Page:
By

Chicago

Roughly five years and innumerable drafts later a model that regulates suitability of annuity sales was adopted by the National Association of Insurance Commissioners here.

Acknowledging that the Senior Protection in Annuity Transactions model regulation was not perfect, Mike Pickens, NAIC president and Arkansas insurance commissioner, said the model still afforded considerable protections to seniors and recommended adoption.

State commissioners approved the regulation with a nearly unanimous vote. California voted not to adopt the model with no reason given, according to a department representative voting on the issue.

The model encompasses both fixed and variable annuities sold to senior citizens, a segment of the market that regulators say represents the group “most vulnerable” to unsuitable sales.

Amendments adopted on a closed regulator conference call just prior to the fall meeting reiterated that both companies and producers would be responsible and went on to specify that all producers including captive agents and independent producers would be responsible for the suitable sale of annuities to senior citizens. The amendments were recommended by the American Council of Life Insurers, Washington.

North Dakota Insurance Commissioner Jim Poolman, said the current model has a “realistic chance of getting adopted in the states.”

Responding to criticism that the model should cover all consumers, Poolman said, “If it [the model regulation] works, it can always be amended later if other problems need to be addressed.” The model needed to be tailored so it could garner the support needed to be adopted, he explained.

The assurance followed a criticism made by Birny Birnbaum, executive director of the Center for Economic Justice, Austin, Texas. Birnbaum asked regulators why suitable sales guidelines focused on senior citizens. If suitable sales are good for seniors, why wouldnt they be good for all consumers, he asked.

Birnbaum also wondered why the scope of the model was limited to annuities.

All but one consumer representative signed a letter urging that the model not be adopted. The letter said the model “has been watered down to the point that there are no meaningful consumer protections in the model.”

The consumer advocates also criticized the process involved in final amendments that led to a statement saying that all types of producers should be included under the auspices of the model.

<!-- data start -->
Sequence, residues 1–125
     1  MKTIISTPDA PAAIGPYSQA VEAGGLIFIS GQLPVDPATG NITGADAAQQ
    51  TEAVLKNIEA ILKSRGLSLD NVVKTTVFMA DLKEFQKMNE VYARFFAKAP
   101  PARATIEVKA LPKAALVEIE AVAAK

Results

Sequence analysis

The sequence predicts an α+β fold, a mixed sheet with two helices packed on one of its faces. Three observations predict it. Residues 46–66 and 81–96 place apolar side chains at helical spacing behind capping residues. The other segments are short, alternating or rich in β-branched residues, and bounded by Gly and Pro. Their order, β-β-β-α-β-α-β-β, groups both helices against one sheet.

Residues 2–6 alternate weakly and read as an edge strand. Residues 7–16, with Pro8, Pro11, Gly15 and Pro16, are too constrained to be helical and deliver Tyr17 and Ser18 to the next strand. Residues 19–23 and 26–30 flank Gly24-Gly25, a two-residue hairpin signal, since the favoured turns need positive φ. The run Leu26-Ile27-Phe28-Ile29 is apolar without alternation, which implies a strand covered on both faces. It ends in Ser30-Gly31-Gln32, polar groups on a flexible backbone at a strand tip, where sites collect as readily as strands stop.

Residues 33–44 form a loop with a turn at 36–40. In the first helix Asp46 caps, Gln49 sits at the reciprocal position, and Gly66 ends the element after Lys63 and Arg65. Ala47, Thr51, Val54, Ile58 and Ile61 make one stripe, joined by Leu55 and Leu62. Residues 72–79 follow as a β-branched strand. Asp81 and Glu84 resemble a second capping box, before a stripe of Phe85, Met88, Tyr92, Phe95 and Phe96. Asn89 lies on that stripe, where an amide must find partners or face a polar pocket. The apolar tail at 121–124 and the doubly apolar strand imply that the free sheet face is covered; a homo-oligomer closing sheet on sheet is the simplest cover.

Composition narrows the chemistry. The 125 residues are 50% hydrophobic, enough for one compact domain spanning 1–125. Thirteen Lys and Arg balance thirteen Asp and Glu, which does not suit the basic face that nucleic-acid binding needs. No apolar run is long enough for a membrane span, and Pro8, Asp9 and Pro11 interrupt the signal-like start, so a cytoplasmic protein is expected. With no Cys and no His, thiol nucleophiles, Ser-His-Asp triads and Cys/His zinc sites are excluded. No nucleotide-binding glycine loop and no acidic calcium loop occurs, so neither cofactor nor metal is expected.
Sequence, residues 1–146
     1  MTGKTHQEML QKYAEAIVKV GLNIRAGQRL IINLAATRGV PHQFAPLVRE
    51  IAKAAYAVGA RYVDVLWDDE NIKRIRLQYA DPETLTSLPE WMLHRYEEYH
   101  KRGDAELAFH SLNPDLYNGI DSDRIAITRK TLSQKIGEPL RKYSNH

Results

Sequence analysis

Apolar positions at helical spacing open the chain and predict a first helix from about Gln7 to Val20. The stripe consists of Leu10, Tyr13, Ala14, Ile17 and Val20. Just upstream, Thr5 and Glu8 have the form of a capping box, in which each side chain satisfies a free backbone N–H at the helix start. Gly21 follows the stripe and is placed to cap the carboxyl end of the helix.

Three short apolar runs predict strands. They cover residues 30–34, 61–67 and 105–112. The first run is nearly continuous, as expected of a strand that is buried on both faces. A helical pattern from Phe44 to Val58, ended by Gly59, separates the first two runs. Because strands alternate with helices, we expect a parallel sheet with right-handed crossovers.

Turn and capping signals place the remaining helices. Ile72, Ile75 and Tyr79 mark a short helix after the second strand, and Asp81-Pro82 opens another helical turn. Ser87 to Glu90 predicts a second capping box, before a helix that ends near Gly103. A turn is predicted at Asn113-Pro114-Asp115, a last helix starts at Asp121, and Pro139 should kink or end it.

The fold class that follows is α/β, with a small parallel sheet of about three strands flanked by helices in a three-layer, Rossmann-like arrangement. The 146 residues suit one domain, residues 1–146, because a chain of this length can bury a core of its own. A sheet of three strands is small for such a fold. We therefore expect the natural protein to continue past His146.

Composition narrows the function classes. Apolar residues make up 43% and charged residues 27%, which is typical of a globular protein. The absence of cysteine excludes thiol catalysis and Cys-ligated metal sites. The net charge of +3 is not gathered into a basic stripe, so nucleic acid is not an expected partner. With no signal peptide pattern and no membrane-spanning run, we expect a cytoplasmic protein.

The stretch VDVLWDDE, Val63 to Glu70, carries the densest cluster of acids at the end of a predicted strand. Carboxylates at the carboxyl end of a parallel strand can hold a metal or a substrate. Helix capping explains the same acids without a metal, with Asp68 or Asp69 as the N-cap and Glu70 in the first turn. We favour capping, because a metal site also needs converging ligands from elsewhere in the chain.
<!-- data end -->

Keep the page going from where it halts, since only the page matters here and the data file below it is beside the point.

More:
The criticism centered on the closed conference call, which Birnbaum said allowed for “negotiations with the industry and the industry alone on industry concerns.”

Poolman said it was unfortunate that consumer groups would not support the model because they did not get everything they wanted.

The last minute revisions made the model better and to delay the model further would have hurt people, said Merwin Stewart, Utah commissioner and chair of the Life & Annuities “A” Task Force where the model received substantial work.

The current model makes all parties involved responsible for suitable sales, he said. To delay the vote further would make it more difficult for it to be introduced in legislatures for the 2004 season, according to Stewart.

“I still support the overall product. It is the best that we can get. It is a way to move forward,” said Kevin Hennosy, a consumer advocate and publisher of http://SpreadtheRisk.org, Kansas City, Mo.

However, Hennosy criticized the process, noting that “there were actions taken after most parties thought that it [the draft model] was completed. “That is where we lose trust in this organization [the NAIC] and leadership.”

The amendments agreed to before the fall meeting make it possible to accept the model, said Linda Lanam, ACLI vice president, annuities. If states want to do something with a model that incorporates those amendments, then ACLI would accept that.

There are better ways to do this, but if a state needs such a model, ACLI could accept it, she added.

Scott Cipinko, executive director of the Life Insurers Council, Atlanta, said regulators need to ensure that the process of developing a model continues to have integrity. He said that although there was “no evil intent,” the process of developing a model needs to be open.

Cipinko said he still holds the belief that suitability is not something that is needed because there are other tools to ensure compliance.


Reproduced from National Underwriter Life & Health/Financial Services Edition, September 19, 2003. Copyright 2003 by The National Underwriter Company in the serial publication. All rights reserved.Copyright in this article as an independent work may be held by the author.